Ballad Of Dwight Fry

Album: Love It To Death (1971)
  • songfacts ®
  • Artistfacts ®
  • Lyrics
  • This song is a salute to the actor Dwight Frye, who played maniacal characters in many Universal horror films, including Renfield from the original Dracula (1931). Cooper dropped the "E" from the name to avoid a lawsuit.
  • In concert, Cooper would perform this song in a straitjacket from which he would escape and strangle a nurse. Later live performances of this song included a mock beheading of Cooper onstage with a fake guillotine. >>
    Suggestion credit:
    Alan - Zanesville, OH, for above 2
  • The shock rock legend wrote this song with guitarist/songwriter Michael Bruce, who was an original member of the Alice Cooper Group. During his tenure with the band, Bruce wrote or co-wrote many of their biggest hits, including "No More Mr. Nice Guy," "I'm Eighteen," and "School's Out." He also played keyboards and contributed vocals on their records.
  • The child's voice at the song's intro was actually a woman in her early 20s, who was a friend of the band. >>
    Suggestion credit:
    Mark - Windsor, Canada
  • This is a track from Love It To Death, the third studio album by Alice Cooper (the band). Co-produced by Bob Ezrin and Jack Richardson, the album climbed to #35 on the US Billboard 200 album chart and #28 on the UK album charts. It also featured the track "I'm Eighteen," which brought the band its first big mainstream hit and became one of Cooper's most recognized songs. The band established their accessible Heavy Metal sound on this collection.

    The album also marked the beginning of a productive, long-term working relationship between Cooper and Ezrin. Following Love It To Death, Cooper recruited Ezrin to produce a number of albums for both the Alice Cooper Group and his solo releases. Among the notable albums he produced for Cooper include School's Out, Billion Dollar Babies, Welcome to My Nightmare and Lace and Whisky. Throughout the '70s, Ezrin was one of the most successful and in-demand music producers on the rock scene. In addition to Cooper, other notable acts he has worked with include KISS, Lou Reed, Peter Gabriel, Pink Floyd, Dr. John and Rod Stewart.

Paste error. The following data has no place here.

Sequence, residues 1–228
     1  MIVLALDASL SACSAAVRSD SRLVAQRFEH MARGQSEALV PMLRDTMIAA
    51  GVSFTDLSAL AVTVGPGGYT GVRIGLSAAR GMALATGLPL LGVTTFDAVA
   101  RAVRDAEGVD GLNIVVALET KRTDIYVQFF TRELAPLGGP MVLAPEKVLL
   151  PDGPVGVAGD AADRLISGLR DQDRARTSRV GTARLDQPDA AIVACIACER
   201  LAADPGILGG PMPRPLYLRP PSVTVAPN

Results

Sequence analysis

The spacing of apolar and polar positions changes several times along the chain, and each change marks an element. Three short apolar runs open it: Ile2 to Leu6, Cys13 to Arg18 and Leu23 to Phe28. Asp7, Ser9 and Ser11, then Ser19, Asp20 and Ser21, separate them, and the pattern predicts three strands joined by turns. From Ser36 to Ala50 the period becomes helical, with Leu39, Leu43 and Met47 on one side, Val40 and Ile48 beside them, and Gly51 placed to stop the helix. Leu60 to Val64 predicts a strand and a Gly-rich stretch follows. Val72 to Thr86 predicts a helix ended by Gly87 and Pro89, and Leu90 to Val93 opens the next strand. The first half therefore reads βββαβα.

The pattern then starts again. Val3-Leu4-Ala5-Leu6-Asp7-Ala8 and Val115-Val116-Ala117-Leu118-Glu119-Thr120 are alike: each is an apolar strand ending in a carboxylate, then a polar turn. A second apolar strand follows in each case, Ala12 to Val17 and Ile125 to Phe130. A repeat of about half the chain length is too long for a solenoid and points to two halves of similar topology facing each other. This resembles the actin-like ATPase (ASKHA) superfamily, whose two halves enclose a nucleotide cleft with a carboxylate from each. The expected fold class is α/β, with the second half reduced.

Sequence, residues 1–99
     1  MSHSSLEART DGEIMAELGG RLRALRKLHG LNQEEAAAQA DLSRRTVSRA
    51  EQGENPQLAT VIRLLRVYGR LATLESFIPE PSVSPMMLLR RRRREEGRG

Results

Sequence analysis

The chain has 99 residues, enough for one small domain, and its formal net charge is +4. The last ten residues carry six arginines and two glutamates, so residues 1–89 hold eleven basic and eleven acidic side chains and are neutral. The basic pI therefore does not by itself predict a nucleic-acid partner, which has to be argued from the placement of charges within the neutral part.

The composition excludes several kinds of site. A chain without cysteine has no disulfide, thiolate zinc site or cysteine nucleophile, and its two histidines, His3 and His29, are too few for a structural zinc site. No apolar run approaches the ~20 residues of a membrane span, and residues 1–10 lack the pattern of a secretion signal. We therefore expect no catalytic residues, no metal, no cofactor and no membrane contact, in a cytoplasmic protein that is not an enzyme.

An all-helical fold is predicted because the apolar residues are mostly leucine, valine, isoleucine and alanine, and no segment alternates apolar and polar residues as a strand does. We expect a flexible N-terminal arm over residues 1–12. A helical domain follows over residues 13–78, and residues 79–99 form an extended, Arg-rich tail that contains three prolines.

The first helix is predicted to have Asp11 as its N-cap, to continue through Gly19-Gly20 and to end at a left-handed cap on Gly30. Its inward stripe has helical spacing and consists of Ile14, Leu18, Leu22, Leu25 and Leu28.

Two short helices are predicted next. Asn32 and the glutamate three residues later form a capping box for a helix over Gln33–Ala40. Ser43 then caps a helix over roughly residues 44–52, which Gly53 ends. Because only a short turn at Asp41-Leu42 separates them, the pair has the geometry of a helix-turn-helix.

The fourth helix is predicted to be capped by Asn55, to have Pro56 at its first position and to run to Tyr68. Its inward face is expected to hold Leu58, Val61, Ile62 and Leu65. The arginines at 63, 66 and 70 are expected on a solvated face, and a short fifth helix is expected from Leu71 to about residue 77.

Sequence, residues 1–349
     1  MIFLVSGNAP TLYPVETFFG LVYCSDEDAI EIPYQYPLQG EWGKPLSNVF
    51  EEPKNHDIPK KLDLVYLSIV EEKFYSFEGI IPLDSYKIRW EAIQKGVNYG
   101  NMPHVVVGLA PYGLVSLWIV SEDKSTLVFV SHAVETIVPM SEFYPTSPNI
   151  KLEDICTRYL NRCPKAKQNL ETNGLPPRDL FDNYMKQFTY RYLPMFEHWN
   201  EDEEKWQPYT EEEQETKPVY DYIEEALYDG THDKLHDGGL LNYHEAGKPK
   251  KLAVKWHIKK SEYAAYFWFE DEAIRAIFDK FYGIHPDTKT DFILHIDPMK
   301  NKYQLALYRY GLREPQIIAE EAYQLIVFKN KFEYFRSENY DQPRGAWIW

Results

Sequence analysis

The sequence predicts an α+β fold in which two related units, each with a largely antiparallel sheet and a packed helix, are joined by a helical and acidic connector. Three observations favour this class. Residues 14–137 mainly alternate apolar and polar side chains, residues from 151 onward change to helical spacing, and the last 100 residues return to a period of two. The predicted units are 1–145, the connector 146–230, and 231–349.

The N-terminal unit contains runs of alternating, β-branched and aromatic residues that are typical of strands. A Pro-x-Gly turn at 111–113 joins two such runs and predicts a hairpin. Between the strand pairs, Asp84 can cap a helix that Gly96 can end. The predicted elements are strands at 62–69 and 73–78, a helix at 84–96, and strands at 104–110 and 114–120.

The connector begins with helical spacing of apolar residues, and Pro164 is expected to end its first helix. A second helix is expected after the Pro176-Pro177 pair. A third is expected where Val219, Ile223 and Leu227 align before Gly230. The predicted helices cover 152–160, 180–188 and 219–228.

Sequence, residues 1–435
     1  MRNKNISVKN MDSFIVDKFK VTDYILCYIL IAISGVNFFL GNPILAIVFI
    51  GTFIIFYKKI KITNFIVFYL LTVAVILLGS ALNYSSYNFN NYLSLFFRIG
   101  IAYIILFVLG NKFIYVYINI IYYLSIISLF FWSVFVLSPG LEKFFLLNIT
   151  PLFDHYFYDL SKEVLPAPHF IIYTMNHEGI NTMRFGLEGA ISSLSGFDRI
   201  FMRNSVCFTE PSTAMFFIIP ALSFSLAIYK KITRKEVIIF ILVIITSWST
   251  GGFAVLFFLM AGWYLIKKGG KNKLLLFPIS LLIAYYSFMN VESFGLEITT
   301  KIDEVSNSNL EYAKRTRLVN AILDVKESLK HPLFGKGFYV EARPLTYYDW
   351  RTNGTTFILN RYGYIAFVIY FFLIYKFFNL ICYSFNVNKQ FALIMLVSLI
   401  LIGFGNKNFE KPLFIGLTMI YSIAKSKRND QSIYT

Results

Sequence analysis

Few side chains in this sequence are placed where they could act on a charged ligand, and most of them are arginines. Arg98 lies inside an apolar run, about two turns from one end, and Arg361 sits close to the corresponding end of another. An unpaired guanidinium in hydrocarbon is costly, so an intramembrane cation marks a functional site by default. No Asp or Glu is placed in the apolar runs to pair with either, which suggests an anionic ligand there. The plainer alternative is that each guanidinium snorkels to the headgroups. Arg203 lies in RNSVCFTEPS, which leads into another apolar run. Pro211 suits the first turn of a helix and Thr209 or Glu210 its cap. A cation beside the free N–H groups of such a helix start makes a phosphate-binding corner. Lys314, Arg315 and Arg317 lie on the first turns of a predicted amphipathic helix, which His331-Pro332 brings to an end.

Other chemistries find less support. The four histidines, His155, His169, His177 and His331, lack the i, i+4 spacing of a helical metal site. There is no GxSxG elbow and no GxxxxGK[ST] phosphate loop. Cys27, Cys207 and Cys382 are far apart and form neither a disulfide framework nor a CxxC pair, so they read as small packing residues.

• In addition to this song, Michael Bruce also contributed to the writing of five other tracks on the album, two of which he penned entirely on his own: "Caught in a Dream" and "Long Way to Go."
Please sign in or register to post comments.

Comments: 15

  • Chali from Philly, PaAlice Cooper was out long before "Love it to Death", they toured Viet Nam in 67 or 68.
  • Tim from Okc, OkTHE MELVINS (famous groundbreaking Seattle band) do an absolutely crushing version of this particular tune.
  • Bec from Ft. Laud, Fljeaus you kids need to grow up,cooper is master
  • Mike from Eugene, OrRead somewhere when Alice was trying to prepare for the "I wanna get out of here" rant he laid down on the floor and had folding chairs piled on him to get into character
  • Mark from Grafton, United StatesThe piano part to this song was written by guitarist Michael Bruce. However, producer Bob Ezrin actually played the part for the recording session. The original Alice Cooper group was much better than anything Alice did solo.